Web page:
Filichia Features: Edges: Before Pasek and Paul’s Tonys and Oscars

Filichia Features: Edges: Before Pasek and Paul’s Tonys and Oscars

It was literally seven years ago this week that I said these words on, where I participate in a podcast most every Sunday.

“I just saw a terrific musical at the White Plains Performing Arts Center. It was only there for two performances, but, oh, was I glad I attended one of them.

Edges is the work of two young writers, Benj Pasek and Justin Paul, who collaborated on both music and lyrics for a song cycle that crackerjack director Jeremy Quinn has turned into a stage piece – an excellent one.

“The lyrics were extraordinarily intelligent and put to nice pop rock music. How about these for song ideas?”

At this point in the podcast, I gave one sentence synopses of the songs I most admired. That’s really all I had time for, because many shows had opened that week; host James Marino and fellow commentator Matthew Murray had a good deal to say, too.

But let’s now have a more detailed look at Edges, which Pasek and Paul started in 2005 when they were sophomores at the University of Michigan. A dozen years later, we see that it hasn’t dated. Songs about such subjects as the faux friends we make on Facebook still resonate.

If this quick look at Edges intrigues you to the point where you check out the show and like it, you have a great advertising line right in place: “From the writers who won an Oscar and Golden Globe for La La Land and a Tony for Dear Evan Hansen!” Don’t neglect to add in your press releases that they did it in a mere 155 days – the fastest pace for all songwriters who have ever secured all three awards.

Edges won’t be hard to produce because it requires two men, two women and no set. It’s a revue in which each performer plays different characters throughout the piece. Everyone gets eight chances to sing in solos, duets and ensemble pieces.

Of course, if you care to add cast members to lessen the load on each performer and share the wealth, Pasek and Paul won’t mind. They’ve gone on record to say that they “loved seeing productions” that not only involved larger casts and video projections, but also ones that took the liberty of rearranging the songs. Wherever a choreographer is inspired to provide dances is fine with them, too.

“Caitlyn and Haley” involves two teenaged sisters. Haley is the younger who complains that Caitlyn feels that she’s outgrown her; Caitlyn has no problem admitting just that. Yet Haley is not the only one who feels that she’s lost something; Caitlyn admits that she does, too -- but moving on often means a total inability to recapture feelings that once were.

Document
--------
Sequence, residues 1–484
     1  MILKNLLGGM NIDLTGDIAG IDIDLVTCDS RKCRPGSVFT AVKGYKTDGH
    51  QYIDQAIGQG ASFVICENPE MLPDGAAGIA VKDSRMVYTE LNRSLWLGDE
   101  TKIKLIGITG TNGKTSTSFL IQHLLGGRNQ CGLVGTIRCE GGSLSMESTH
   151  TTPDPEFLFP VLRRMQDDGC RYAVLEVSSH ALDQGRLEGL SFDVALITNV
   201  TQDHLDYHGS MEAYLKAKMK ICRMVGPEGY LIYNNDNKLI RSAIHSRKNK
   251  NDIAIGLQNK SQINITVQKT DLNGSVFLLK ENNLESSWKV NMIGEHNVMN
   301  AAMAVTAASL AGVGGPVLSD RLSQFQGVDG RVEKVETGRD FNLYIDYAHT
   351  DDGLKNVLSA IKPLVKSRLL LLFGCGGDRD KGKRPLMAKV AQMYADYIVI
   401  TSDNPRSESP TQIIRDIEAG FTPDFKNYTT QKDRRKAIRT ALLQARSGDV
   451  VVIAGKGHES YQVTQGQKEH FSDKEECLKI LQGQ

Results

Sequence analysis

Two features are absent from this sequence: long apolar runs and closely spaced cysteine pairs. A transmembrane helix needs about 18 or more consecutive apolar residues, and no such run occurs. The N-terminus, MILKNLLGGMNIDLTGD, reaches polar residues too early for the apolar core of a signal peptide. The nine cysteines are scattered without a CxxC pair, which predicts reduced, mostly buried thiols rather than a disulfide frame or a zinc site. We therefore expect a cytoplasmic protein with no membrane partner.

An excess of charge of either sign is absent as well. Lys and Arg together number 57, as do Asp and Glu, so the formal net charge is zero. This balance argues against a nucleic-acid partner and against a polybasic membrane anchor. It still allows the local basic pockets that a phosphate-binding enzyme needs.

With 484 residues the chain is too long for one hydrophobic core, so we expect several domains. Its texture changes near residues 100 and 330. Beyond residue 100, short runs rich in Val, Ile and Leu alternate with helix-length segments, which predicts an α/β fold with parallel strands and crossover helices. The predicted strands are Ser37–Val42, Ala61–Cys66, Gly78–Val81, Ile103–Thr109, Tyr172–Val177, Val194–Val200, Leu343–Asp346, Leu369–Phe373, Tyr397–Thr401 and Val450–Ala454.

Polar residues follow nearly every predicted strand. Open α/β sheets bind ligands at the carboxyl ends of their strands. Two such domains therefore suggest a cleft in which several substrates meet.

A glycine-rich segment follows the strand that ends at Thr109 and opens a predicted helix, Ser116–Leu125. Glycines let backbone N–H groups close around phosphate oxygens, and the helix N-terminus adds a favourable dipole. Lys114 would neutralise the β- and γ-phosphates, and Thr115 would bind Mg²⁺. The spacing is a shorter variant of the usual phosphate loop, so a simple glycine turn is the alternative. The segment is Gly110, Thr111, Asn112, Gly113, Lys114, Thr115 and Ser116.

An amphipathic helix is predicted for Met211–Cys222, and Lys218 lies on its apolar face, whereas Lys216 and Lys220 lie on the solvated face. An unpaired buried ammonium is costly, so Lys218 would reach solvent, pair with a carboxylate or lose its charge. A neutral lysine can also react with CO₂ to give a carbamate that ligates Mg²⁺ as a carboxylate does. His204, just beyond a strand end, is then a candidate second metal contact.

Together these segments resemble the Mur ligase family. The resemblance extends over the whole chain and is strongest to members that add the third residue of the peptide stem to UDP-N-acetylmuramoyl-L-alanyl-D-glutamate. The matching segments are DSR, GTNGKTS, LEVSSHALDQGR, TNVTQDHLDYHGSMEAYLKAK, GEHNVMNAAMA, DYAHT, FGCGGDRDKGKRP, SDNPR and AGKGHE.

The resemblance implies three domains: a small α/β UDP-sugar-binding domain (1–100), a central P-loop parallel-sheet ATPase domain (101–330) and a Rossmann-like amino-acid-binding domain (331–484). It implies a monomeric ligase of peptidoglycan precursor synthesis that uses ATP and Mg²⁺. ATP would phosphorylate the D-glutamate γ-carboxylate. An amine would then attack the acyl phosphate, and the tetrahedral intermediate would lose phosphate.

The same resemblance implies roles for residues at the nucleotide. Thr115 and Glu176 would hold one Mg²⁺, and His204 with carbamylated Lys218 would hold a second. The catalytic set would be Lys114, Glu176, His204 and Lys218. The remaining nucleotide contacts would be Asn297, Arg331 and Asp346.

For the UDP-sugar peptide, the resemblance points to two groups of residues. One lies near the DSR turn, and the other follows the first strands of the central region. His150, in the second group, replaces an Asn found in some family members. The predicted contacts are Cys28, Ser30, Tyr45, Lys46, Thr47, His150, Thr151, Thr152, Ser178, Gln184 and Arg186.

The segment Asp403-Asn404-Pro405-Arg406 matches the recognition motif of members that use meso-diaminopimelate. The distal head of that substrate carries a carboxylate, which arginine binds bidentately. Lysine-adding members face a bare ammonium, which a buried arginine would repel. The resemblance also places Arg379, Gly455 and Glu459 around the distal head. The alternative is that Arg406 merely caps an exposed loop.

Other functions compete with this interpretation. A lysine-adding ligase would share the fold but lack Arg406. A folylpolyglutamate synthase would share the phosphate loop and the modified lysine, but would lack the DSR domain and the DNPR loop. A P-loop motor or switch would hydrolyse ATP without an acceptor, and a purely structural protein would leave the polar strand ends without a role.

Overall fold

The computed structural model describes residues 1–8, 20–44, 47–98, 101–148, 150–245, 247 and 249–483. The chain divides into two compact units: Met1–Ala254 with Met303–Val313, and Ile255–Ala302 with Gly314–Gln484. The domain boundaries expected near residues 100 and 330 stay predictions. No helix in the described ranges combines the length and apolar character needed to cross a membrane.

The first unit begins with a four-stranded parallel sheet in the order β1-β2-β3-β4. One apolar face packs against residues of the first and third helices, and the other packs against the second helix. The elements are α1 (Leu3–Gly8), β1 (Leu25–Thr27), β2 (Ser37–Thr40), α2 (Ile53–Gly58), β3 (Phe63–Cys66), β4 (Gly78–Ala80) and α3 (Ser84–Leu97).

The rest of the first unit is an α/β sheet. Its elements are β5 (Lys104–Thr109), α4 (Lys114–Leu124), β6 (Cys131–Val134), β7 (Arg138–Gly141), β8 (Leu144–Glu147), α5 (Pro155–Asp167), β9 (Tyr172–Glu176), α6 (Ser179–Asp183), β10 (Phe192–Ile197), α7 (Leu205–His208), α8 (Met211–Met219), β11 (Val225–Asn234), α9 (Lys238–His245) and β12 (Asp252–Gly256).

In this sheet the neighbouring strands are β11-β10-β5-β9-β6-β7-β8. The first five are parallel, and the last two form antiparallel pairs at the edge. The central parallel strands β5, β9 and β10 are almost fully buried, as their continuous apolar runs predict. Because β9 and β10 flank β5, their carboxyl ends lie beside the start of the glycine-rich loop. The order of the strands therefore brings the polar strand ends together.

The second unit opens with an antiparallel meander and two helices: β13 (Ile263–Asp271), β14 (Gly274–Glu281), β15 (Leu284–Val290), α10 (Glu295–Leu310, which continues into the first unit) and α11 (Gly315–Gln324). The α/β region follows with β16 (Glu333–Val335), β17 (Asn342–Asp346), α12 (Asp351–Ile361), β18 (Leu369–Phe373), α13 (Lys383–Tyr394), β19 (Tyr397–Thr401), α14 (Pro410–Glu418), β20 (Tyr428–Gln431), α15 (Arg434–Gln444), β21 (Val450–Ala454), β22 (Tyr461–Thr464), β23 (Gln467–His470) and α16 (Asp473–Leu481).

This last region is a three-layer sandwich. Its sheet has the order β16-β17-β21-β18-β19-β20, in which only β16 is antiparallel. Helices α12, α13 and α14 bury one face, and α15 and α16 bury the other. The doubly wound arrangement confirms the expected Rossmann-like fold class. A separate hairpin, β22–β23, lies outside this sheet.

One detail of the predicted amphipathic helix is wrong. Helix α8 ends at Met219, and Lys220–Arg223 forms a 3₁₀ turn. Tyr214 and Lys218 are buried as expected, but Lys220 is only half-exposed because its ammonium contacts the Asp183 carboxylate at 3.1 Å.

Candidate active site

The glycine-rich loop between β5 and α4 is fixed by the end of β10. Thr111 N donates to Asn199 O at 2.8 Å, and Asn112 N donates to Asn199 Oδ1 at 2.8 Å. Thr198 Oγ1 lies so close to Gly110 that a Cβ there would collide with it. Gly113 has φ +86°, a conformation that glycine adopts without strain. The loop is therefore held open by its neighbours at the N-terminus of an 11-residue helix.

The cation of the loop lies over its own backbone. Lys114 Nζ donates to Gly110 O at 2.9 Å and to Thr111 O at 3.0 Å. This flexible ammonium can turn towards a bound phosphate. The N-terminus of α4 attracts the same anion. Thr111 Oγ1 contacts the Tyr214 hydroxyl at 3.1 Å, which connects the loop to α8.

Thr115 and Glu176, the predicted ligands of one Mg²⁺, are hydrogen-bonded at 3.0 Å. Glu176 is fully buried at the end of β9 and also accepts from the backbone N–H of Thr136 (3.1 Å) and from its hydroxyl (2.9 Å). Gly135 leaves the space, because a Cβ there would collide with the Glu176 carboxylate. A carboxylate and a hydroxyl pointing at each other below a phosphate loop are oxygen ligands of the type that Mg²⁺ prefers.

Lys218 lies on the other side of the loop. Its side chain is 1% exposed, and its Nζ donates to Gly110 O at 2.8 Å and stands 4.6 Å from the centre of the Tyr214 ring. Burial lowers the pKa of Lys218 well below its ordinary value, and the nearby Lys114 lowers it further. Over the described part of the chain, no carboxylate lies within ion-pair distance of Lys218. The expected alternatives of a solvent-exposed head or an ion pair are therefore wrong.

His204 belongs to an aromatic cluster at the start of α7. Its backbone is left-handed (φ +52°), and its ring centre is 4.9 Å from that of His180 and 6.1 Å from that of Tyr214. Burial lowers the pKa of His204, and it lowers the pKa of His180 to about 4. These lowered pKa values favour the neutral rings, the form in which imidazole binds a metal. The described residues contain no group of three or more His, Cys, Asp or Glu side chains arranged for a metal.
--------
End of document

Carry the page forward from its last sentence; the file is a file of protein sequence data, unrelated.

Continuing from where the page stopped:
“In Short” is, in short, arguably the song with the blackest humor found in any show song of this and last century. A man whose girlfriend has left him now wishes that she encounter accidents, baldness, choking, defenestration, electrocution and far more atrocities to fill out the other 21 letters of the alphabet. You may hate yourself for laughing, but laugh you will.

When your theatergoers see the odd title “I Hmm You” in their programs, they will probably be mystified – until they hear the song. Soon they’ll be laughing.

It’s about a man and woman, neither of whom is ready to use the word “love,” and while they suspect that they’re beyond “like,” a “hmm” will have to serve as the verb of the sentence until they’re ready – if indeed they ever are – to commit to each other and admit to love.

There’s also a woman who’s found the “Man of My Dreams.” He’s perfect in every way aside from the one little fact that he’s gay. Not that he’s admitted it, but this woman infers it. “If he doesn’t wanna tell me,” she concludes, “then I don’t wanna know.”

The song reminds us that some people are looking for companionship and fun, to which sex takes a distant third place (if it’s even that high on the list).

That’s what makes Edges edgy – and entertaining. These are the little things in life that we all notice. The only difference is Pasek and Paul knew enough to seize the ideas, write about them and come out with memorable material.

Seven years ago, I ended the podcast by saying “I can see Edges playing New World Stages – and hope you can see it there someday.” While that hasn’t happened, don’t bet against Edges eventually landing on West 50th, for Benj Pasek and Justin Paul are now hotter than Mrs. Lovett’s oven.

Who knows? Maybe your production of Edges will be the one to get there.

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You may e-mail Peter at Check out his weekly column each Monday at and Tuesday at His book, The Great Parade: Broadway’s Astonishing, Never-To-Be Forgotten 1963-1964 Season is now available at